Zarif: It’s a hypothetical situation about something that will or will not happen some 20 months from now, and it would depend on the developments between now and then. What is important, however, is that we do not look at the United States as a Democratic or Republican administration, but rather as a government that should be serious and show good faith. So, for anyone in Washington, before they reembrace the JCPOA, they need to demonstrate that this is for a serious process and not for some policy justification.
Afrasiabi: At this point, what governments do you feel are Iran’s closest allies and friends as Iran faces the ratcheting up of sanctions?
Zarif: Our policy has been to have the closest relations with our neighbors, and right now the closest partners that Iran has are its neighbors, particularly Iraq, Turkey, Pakistan, Afghanistan, Russia, Armenia, and Azerbaijan. Our Central Asian neighbors are also very important and also so is China. I forgot to mention India as well. These are our priorities and will continue to be our priorities. We hope that we have the same good relations with the GCC (Gulf Cooperation Council) countries. We have very good relations with some of them, not so good with some others, but we want to have excellent relations with all of them.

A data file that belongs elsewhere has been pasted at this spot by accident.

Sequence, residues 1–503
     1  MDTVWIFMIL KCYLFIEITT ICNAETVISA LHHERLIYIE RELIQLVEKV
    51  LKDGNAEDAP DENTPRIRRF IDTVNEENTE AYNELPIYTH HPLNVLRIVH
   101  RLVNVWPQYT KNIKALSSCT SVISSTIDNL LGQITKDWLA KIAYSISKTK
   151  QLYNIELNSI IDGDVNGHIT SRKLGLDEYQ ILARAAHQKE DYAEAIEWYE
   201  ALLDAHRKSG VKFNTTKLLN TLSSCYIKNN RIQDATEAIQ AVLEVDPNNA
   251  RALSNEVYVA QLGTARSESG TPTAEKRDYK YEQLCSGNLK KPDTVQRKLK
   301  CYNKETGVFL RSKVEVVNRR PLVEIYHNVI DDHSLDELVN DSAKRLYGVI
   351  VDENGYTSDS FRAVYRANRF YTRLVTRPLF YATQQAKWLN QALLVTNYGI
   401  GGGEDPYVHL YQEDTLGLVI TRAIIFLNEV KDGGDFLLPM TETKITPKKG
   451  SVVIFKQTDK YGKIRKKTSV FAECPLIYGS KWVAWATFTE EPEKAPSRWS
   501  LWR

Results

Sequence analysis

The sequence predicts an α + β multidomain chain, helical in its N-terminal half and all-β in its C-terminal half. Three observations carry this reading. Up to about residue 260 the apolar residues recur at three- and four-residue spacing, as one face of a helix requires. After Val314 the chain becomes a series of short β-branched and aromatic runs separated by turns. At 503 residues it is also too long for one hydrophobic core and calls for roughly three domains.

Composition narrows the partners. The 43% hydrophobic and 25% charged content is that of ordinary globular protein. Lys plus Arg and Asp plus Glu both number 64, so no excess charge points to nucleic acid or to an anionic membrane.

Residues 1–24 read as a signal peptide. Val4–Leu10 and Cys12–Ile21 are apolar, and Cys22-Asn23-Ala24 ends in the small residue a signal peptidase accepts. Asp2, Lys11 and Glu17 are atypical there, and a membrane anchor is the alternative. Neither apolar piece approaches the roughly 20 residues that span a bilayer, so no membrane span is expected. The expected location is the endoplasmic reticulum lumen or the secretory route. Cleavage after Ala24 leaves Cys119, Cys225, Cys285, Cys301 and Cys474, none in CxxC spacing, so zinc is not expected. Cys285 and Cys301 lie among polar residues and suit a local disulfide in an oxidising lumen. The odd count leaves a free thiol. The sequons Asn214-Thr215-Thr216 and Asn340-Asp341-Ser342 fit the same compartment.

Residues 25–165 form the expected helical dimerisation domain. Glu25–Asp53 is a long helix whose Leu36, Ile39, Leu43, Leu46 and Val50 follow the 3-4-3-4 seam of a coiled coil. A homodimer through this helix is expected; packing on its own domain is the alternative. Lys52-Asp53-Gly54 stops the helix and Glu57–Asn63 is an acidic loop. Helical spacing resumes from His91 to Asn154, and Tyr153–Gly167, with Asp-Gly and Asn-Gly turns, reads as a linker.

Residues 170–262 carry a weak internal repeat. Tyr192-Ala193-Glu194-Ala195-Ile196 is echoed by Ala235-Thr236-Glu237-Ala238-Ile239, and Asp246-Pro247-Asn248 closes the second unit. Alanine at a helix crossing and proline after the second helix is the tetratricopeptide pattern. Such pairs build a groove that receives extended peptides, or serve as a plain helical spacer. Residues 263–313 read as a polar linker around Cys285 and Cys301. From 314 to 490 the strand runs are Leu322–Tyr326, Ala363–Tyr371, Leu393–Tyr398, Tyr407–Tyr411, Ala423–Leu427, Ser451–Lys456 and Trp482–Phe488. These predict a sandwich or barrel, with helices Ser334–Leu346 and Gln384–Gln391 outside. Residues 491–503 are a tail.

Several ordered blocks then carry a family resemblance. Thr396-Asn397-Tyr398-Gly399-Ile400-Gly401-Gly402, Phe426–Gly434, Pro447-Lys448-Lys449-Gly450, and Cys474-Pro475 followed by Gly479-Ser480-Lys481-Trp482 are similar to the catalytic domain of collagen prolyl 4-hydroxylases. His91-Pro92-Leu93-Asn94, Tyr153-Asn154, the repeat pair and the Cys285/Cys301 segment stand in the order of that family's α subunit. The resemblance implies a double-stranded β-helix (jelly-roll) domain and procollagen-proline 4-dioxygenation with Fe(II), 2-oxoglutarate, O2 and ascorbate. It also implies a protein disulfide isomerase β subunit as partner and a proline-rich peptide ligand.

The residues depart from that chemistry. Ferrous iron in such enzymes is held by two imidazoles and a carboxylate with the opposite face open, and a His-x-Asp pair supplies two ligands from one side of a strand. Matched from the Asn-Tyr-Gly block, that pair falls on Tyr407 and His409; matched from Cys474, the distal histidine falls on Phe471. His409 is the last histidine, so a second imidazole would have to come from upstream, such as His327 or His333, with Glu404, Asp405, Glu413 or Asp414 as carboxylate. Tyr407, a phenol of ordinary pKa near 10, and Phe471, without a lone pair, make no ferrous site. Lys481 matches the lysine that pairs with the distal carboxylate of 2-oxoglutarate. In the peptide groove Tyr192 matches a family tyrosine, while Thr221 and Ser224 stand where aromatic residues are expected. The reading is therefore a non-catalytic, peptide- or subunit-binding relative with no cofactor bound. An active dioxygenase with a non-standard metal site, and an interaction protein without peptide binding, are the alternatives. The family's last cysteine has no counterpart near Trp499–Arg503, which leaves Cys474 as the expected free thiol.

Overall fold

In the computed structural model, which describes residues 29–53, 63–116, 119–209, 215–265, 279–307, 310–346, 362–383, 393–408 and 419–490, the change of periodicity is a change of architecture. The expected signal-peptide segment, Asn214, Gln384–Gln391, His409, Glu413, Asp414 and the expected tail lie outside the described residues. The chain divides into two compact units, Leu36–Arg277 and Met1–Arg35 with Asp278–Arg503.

Afrasiabi: With respect to India, if New Delhi caves in to U.S. bullying on oil sanctions, shouldn’t Iran respond by terminating India’s privileges in Chabahar, which is of geostrategic importance to them?
Zarif: We have been informed by India and others that they will do their best to continue their relationship with Iran. We will make our decision based on the actual policies, not the public proclamations.
Afrasiabi: Iraq has raised some eyebrows by following the U.S. announcement on oil sanctions by boosting production—ostensibly to help stabilize the market. Shouldn’t Iran expect more solidarity from Baghdad, e.g., with respect to Iran’s OPEC share of the market?
Zarif: The Iraqis know our position. They know our expectations. They are a sovereign country. But we hope that they take into account the fact that our destinies are intertwined.
Afrasiabi: Regarding Europe, which has remained in the JCPOA while barely meeting 10 percent of its obligations, shouldn’t Iran mirror their behavior and thus level the playing field?
Zarif: Europe is, as you rightly said, doing less than 10 percent: in fact over 100 percent in public statements and less than 1 percent in actual meeting of its obligations. I believe if Europe wants to be in a position to make demands it has to put its money where its mouth is. Unless it does that we run the risk of unraveling the entire achievement.